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    BP CEO: Gas Demand Peaked in '07

    Greater use of biofuels, increased efficiency the causes.

    NEW YORK -- Gasoline demand in the U.S., which has been hit hard by the recession, will never return to 2007's peak, BP PLC Chief Executive Tony Hayward said in a report by The Wall Street Journal.

    Contributing to his prediction of lessened demand is greater use of biofuels and increased engine efficiency, according to the report.

    "We will never sell more gasoline in the U.S. than we sold in 2007," Hayward said in an interview with Dow Jones and The Wall Street Journal.

    U.S. Department of Energy (DOE) data show consumption of gasoline fell 3.2 percent in 2008, from a peak average of 9.3 million barrels a day in 2007. A slight uptick from 2008 is expected in 2009, the report stated.

    In 2007, BP sold an average of 1.57 million barrels a day of gasoline products worldwide, but 2008 sales fell 4.6 percent, according to the company's annual reports as cited by The Journal.

    Hayward's comments echo other industry experts' views. Daniel Yergin of IHS Cambridge Energy Research Associates, who authored "The Prize," a history of the oil business, has said U.S. gasoline demand peaked in 2007. And Chevron Corp. Chief Executive Dave O'Reilly said in a recent earnings call that the company has chosen to focus investment on the Pacific Rim, where economies are expected to grow, according to the report.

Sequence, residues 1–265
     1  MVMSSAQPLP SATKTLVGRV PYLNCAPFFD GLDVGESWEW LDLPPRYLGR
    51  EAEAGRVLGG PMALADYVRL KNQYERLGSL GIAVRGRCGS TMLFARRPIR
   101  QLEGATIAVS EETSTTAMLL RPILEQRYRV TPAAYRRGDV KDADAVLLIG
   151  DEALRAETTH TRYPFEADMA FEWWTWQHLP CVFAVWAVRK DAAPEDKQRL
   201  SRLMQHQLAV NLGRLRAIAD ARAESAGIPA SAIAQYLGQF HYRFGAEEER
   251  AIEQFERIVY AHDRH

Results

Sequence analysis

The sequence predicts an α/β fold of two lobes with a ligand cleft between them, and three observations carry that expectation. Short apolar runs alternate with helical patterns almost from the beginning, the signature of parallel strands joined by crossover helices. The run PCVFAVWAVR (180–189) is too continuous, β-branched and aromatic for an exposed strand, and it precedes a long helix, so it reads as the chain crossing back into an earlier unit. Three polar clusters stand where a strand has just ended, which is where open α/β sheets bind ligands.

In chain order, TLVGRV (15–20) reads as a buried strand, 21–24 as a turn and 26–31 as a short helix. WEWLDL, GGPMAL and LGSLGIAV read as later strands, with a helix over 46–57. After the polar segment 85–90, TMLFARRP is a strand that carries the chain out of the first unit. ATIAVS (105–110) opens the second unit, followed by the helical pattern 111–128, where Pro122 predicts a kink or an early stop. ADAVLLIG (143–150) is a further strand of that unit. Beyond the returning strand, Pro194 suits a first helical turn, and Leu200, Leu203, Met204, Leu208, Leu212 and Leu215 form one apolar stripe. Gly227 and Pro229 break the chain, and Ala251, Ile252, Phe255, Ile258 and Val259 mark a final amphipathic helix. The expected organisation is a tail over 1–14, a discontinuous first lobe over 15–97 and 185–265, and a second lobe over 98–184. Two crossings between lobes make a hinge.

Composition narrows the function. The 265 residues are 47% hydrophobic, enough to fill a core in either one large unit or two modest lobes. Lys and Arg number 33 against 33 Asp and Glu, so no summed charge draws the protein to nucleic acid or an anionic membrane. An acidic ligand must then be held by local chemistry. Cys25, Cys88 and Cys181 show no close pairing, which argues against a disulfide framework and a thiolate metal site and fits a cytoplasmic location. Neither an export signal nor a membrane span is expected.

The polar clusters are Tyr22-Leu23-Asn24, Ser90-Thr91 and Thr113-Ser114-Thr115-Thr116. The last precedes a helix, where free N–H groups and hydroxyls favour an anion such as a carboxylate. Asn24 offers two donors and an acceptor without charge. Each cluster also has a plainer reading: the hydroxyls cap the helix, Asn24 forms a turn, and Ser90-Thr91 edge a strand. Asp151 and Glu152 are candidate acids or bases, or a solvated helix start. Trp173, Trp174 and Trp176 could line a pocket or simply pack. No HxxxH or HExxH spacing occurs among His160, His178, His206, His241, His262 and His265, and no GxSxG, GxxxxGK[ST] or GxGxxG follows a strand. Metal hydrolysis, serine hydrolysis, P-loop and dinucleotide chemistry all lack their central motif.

The use of fossil fuels to power vehicles has declined in the U.S. as a result of the economic downturn, greater engine efficiency, increased use of gasoline-electric hybrids and requirements to include larger amounts of ethanol and other biofuels in the fuel mix, according to the report.

    As fossil fuel's share diminishes over time, "we're going to be in the biofuels business," Hayward said in the report.

    The energy company is already working on developing biobutanol, a plant-derived fuel with higher energy content than ethanol, as well as cellulosic ethanol, which is made from non-food plants, the newspaper reported.

    "We believe we'll figure out how to make that commercial within the next five years," Hayward said in the report, noting a tall species of grass called miscanthus shows promise as a non-food feedstock for biofuels.

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